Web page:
Prepare Now For The Ultimate Real Estate Opportunity
By Bob Prechter, Elliott Wave International
September 7, 2007
We all know that property values never go down. Right?
After the stock experience of 2000-2001 , people are saying, “Maybe stocks can come down for a few months from time to time, but real estate won’t; real estate never has.” They are saying it because real estate is the last thing still soaring at the top of the Great Asset Mania, but it, too, will fall in conjunction with a deflationary depression. Property values collapsed along with the depression of the 1930s. Few know that many values associated with property — such as rents — continued to fall through most of the 1940s, even after stocks had recovered substantially.
The worst thing about real estate is its lack of liquidity during a bear market. At least in the stock market, when your stock is down 60 percent and you realize you’ve made a horrendous mistake, you can call your broker and get out (unless you’re a mutual fund, insurance company or other institution with millions of shares, in which case, you’re stuck). With real estate, you can’t pick up the phone and sell. You need to find a buyer for your house in order to sell it. In a depression, buyers just go away. Mom and Pop move in with the kids, or the kids move in with Mom and Pop. People start living in their offices or moving their offices into their living quarters. Businesses close down. In time, there is a massive glut of real estate.
In the initial stages of a depression, sellers remain under an illusion about what their property is really worth. They keep a high list price on their house, reflecting what it was worth last year. I know people who are doing that now. This stubbornness leads to a drop in sales volume. At some point, a few owners cave in and sell at much lower prices. Then others are forced to drop their prices, too. What is the potential buyer’s psychology at that point? “Well, gee, property prices have been coming down. Why should I rush? I’ll wait till they come down further.” The further they come down, the more the buyer wants to wait. It’s a downward spiral.
When Real Estate Falls
Real estate prices have always fallen hard when stock prices have fallen hard. Figure 16-1 displays this reliable relationship.
The overwhelming evidence for a major stock market decline presented in Chapters 4 through 7 is enough by itself to portend a tumble in real estate prices. Usually the culprit behind these joint declines is a credit deflation. If there were ever a time we were poised for such a decline, it is now.
The Extension of Credit
What screams “bubble” — giant, historic bubble — in real estate today is the system-wide extension of massive amounts of credit to finance property purchases. As a result, a record percentage of Americans today are nominal “homeowners” via $7.6 trillion in mortgage debt. Two-thirds of them owe an average of two-thirds of the value of their homes, plus interest, and both ratios have been increasing at a blistering pace.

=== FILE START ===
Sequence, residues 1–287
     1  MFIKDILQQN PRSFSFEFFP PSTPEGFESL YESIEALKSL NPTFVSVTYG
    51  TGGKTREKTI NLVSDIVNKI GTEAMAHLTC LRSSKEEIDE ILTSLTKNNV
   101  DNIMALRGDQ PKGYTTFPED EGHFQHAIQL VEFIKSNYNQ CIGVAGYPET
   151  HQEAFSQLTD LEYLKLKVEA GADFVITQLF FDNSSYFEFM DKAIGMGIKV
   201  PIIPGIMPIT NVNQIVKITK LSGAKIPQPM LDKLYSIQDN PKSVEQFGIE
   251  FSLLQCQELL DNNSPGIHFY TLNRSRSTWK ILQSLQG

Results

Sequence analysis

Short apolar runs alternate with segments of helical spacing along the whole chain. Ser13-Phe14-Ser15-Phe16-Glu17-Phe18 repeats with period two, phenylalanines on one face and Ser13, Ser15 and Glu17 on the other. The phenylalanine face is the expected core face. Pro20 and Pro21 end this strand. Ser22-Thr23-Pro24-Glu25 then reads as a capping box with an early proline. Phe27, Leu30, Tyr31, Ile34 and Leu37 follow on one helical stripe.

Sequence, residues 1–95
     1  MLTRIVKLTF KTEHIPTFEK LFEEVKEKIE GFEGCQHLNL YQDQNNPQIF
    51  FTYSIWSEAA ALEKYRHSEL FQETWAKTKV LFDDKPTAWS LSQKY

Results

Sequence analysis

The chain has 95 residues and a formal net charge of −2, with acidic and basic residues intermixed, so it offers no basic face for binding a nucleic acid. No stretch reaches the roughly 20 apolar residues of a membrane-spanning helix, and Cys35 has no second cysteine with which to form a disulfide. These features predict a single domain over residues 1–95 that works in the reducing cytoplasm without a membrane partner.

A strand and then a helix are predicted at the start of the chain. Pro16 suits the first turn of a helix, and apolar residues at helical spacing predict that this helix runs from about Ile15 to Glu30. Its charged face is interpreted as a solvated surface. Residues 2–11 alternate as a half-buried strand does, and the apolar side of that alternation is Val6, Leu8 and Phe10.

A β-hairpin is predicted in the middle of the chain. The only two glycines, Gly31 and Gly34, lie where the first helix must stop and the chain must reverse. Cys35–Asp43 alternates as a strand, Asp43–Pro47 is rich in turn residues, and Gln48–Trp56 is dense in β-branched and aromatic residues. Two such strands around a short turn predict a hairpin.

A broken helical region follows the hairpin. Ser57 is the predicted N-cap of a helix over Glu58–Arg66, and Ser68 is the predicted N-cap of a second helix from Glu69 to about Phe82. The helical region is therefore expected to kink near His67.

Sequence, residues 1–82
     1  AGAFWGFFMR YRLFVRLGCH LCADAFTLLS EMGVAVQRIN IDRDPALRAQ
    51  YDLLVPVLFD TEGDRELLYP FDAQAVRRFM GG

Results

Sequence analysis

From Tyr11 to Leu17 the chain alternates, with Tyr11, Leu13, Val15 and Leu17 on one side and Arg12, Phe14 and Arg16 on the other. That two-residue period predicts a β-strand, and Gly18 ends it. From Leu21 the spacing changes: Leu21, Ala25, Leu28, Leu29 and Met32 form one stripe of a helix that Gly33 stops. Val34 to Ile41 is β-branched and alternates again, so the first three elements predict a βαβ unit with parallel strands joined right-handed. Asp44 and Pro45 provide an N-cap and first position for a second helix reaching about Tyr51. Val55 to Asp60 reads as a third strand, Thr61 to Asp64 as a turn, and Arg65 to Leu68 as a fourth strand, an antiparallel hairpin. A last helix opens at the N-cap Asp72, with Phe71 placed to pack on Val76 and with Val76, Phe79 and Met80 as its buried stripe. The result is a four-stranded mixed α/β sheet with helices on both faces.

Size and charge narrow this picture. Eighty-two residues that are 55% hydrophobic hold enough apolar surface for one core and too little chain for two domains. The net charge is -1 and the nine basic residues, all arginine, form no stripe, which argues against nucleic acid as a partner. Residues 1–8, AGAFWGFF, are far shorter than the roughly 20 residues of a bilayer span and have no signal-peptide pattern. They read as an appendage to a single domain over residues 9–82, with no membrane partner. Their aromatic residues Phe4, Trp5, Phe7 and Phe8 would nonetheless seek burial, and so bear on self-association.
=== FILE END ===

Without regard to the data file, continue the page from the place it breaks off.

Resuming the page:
People can buy a house with little or no down payment in many cases. They can refinance a house for its entire value. “How can this be?” you ask. “Isn’t at least 20 percent homeowner equity required?” Well, sort of. Credit institutions are supposed to be penalized for lending more than 80 percent on an uninsured mortgage. But if they get it insured, which is generally not difficult, the limit can go up to 90 percent. With VA or FHA approval, it can go up to 95 percent. “Prime borrowers” can refinance for up to 125 percent of a home’s appraised value.
What if none of these exceptions apply? Real estate insiders on a quiet Saturday afternoon will tell you that many banks skirt the intent of laws aimed to ensure some homeowner equity in refinancing deals. For example, suppose the owner of a $500,000 home wants to refinance it at the full amount, but the bank is restricted to lending him only 80 percent of the value of the property, which is $400,000. If the homeowner wants the whole half-million anyway, the bank will send in an appraiser who magically discerns that the property is actually worth $625,000. Get it? 80 percent of $625,000 is $500,000. The homeowner has his 100 percent loan, the bank earns more interest, and the rules are satisfied. If you are creative, you can wangle even more than 100 percent out of a deal. The principle (and maybe later the principal) is out the window, and no one’s the wiser, at least until a bear market imparts wisdom.
The problem with these schemes is that their success and continuation depend upon continuously rising property prices. Once the bank extends a loan of that size, it owns the house at full value. Then, any drop in that value directly causes a drop in the value of the bank’s capital. By contrast, when the bank lends only half of the value of a home, its value can drop as much as half, and the bank can still get all of its depositors’ money out of the deal by selling the house. With these latest methods of “creative financing,” depositors’ money is utterly unprotected from market risk.